If you are going through a divorce and have children, you may have some well-founded concerns about shuffling your kids between two households. After all, according to Psychology Today, moving children between your home and your ex-spouse’s house may cause them to experience severe emotional distress.
Nesting, sometimes called bird nesting, may be the right solution for your post-divorce family. With this novel type of co-parenting arrangement, you and your former spouse maintain a family home where the kids always live. Meanwhile, you and your ex-spouse live in the family home with your children during your scheduled parenting time while otherwise living elsewhere.
Can you afford a nesting arrangement?
Expense is one of the primary concerns for parents who are entertaining the possibility of nesting. Remember, not only must you help pay for the family home, but you also may have to maintain a separate residence. If you can live with relatives or friends during your non-parenting time, though, you may be able to fit nesting into your budget.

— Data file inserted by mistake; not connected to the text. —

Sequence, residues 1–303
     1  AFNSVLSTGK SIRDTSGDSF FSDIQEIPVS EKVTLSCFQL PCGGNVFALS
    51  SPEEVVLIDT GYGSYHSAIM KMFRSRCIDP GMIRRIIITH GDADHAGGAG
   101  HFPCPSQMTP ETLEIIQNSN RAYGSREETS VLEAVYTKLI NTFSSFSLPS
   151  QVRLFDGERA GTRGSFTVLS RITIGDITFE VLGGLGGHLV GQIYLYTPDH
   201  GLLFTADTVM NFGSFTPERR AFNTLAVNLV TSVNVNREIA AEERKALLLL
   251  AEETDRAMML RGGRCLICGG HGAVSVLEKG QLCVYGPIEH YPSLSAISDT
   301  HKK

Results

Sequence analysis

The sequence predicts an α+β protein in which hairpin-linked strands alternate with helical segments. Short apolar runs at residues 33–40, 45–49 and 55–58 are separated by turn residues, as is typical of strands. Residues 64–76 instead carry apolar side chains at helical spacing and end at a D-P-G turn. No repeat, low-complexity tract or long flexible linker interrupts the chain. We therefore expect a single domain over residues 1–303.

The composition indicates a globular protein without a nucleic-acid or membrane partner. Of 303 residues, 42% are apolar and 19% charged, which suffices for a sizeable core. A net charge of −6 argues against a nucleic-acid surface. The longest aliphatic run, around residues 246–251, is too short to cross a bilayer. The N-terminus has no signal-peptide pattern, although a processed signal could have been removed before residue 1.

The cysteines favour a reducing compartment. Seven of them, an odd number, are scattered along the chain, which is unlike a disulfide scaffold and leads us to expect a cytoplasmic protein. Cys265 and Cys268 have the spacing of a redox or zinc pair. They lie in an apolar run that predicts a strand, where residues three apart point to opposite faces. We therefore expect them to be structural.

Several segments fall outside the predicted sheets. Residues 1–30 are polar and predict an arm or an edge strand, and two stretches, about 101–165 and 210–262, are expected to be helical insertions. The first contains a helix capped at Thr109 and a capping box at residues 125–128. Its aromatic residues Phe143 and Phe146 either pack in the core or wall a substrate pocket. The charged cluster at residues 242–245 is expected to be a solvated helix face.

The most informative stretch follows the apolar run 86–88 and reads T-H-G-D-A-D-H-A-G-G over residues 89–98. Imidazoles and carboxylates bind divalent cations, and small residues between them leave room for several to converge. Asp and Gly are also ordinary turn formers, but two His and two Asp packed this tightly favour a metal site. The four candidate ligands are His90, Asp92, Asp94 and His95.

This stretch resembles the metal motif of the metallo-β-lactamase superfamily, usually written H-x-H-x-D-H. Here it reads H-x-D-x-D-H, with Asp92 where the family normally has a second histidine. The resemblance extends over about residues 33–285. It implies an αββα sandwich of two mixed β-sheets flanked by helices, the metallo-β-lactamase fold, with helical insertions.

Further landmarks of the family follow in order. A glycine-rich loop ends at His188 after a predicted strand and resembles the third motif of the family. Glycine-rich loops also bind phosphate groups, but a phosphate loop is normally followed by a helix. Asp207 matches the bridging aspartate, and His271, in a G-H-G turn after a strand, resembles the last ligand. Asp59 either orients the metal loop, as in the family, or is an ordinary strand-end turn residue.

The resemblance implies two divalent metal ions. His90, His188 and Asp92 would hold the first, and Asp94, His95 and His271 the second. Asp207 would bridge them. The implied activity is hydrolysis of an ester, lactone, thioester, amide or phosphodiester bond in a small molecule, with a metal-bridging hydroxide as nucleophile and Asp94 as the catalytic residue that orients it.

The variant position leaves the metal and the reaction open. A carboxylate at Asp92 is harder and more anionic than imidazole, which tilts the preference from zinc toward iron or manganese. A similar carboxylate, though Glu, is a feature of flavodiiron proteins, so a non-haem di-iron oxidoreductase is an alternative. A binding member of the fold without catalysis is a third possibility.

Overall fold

Can you agree on basic terms?
For nesting to be successful, you and your ex-spouse must be on relatively good terms. To stay on good terms, you should be able to agree on some fundamental rules. These may include dividing household responsibilities, respecting each other’s parenting time and contributing to the upkeep of the family home.
Ultimately, even if you decide nesting is not a good fit for you, your children and your ex-spouse, it may give you some ideas about crafting a unique co-parenting arrangement that works for everyone in your family.